This is a guest post by Jana Fung with MixRank.
Contextual advertising on the Google Display Network (GDN) is often an overlooked strategy to gain additional traffic at a low cost. Although willing to test out campaigns, advertisers have had little success optimizing them due to the vast difference between contextual keyword targeting and paid search keyword targeting. With high expectations for contextual ads, advertisers are often disappointed and shocked when the ads do not perform similarly to paid search campaigns.
In this series, I’ll discuss some dos and don’ts when it comes to testing contextual keywords on the GDN. Let’s start with some watch-outs:
- Don’t: Copy and paste your best performing long tail keywords from paid search campaigns into new contextual ad groups. The GDN only offers broad match keyword targeting, so lengthy, descriptive keywords are more likely to harm your campaigns than to help them.
- Don’t: Group keywords the same way you would group them for paid search campaigns. Consider using shorter and broader keyword terms that you can thematically group together.
- Don’t: Add negative keywords as an optimization strategy. Since you’re using a variety of websites to reach as many relevant audiences as possible, you’re better off noting what sites your ads are performing poorly on and excluding those from your campaign using negative placements.
- Don’t: Expect contextual keyword performance to have similar or comparable outcomes to your paid search keywords. Even though you’re using the same ad platform, Google AdWords, this does not mean the ad channels are equal or that they should they be measured in the same way.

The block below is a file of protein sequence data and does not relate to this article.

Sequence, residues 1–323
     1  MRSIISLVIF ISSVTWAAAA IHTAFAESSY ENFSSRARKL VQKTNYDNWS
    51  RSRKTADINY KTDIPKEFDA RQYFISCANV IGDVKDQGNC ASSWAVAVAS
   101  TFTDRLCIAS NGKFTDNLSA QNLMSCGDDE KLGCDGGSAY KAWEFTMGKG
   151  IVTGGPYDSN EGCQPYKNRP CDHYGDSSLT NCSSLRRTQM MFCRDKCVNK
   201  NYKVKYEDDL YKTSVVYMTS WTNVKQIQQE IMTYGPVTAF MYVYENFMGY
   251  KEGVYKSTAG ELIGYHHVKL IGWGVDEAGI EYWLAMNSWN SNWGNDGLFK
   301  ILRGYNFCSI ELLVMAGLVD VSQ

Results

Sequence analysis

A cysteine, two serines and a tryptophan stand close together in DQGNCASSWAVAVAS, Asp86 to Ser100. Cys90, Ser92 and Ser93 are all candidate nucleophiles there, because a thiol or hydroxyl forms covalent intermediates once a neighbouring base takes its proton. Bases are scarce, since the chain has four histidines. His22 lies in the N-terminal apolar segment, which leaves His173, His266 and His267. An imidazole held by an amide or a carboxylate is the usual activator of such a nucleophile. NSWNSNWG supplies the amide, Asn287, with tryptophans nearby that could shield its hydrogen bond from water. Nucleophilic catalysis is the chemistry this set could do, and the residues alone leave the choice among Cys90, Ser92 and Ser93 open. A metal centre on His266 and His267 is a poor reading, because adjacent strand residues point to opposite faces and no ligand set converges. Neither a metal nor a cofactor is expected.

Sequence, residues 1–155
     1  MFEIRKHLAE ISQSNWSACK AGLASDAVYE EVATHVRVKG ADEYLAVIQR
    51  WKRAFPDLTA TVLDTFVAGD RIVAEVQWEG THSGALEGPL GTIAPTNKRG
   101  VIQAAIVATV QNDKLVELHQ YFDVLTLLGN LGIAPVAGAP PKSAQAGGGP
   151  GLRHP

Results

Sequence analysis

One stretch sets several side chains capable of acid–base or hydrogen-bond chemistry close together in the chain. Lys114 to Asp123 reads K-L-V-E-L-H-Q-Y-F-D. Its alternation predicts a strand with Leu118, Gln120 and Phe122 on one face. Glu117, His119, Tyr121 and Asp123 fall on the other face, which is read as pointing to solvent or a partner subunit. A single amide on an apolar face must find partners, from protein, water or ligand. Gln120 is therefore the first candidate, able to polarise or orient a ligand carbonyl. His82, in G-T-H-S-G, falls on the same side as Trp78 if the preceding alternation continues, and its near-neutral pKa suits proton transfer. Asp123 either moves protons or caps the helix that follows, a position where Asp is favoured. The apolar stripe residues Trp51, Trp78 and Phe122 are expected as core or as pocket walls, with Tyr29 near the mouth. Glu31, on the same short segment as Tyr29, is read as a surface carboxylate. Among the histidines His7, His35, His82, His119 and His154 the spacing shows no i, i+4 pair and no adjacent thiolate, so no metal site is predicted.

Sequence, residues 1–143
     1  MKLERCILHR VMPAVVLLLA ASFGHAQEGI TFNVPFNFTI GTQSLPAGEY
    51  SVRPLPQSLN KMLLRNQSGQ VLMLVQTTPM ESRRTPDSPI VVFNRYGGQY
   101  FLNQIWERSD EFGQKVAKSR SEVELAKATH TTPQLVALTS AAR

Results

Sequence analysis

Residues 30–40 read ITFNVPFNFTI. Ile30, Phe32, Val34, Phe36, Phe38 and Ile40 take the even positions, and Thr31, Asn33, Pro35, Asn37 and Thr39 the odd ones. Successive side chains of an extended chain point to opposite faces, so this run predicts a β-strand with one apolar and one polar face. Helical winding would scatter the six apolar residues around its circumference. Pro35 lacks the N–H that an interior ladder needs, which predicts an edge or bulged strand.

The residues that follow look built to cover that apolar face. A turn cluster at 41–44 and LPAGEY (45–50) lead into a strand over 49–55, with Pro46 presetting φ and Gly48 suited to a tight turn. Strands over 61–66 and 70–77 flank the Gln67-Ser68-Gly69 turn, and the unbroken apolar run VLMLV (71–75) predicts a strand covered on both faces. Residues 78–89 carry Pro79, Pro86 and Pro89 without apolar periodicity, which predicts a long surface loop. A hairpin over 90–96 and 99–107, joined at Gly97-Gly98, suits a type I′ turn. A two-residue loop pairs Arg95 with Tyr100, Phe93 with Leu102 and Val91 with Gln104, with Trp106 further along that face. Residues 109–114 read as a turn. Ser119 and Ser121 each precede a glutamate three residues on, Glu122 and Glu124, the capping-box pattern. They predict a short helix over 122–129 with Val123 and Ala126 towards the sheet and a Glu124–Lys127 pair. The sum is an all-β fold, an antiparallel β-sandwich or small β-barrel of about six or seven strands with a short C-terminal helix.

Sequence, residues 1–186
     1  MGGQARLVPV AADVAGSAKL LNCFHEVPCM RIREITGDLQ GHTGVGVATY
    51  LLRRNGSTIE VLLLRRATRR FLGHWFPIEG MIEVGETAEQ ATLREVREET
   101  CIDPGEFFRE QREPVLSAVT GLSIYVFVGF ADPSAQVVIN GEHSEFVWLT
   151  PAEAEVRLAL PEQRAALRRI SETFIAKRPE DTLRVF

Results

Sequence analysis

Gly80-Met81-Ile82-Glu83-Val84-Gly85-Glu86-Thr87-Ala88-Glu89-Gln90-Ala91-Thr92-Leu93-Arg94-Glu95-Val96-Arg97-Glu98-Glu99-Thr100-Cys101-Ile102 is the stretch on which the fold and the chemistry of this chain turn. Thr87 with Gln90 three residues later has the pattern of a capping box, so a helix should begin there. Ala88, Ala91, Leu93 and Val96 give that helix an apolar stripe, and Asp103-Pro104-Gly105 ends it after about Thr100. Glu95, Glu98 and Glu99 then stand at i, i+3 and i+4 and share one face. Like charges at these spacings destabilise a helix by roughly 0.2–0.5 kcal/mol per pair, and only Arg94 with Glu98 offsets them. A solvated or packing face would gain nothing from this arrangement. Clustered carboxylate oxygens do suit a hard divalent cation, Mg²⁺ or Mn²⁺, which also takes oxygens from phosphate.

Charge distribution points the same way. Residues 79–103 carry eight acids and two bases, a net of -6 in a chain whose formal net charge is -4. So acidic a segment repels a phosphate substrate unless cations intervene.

- Don’t: Rely on a thesaurus to expand your contextual keyword targets and scale quickly. A thesaurus helps with paid search campaigns where you aim to expand your reach to every query that’s synonymous with your product offering. However, for contextual keyword targeting, the main goal is to reach your target audience on different websites. Therefore, instead of focusing on synonymous keywords, focus on keywords that will help you reach similar audiences. In the next post, we’ll discuss some strategies to help you expand and scale on contextual keywords.
Now that you know what not to do, join us next week with Part 2 of this series where will discuss what contextual keyword strategies to implement and how to create precise targeting for your campaigns.
About the Author
Jana Fung, guest author of this post, is the Marketing Manager of MixRank. She has managed successful demand generation programs for over 6 years. MixRank.com is a spy tool for contextual and display ads. With MixRank you can see exactly where your competitors are buying traffic and which ad copy is performing best for them across over 100,000 sites. If you’re a MixRank fan or just want to say hi, Jana is interested in connecting with you! Follow her on Twitter @jana_fung.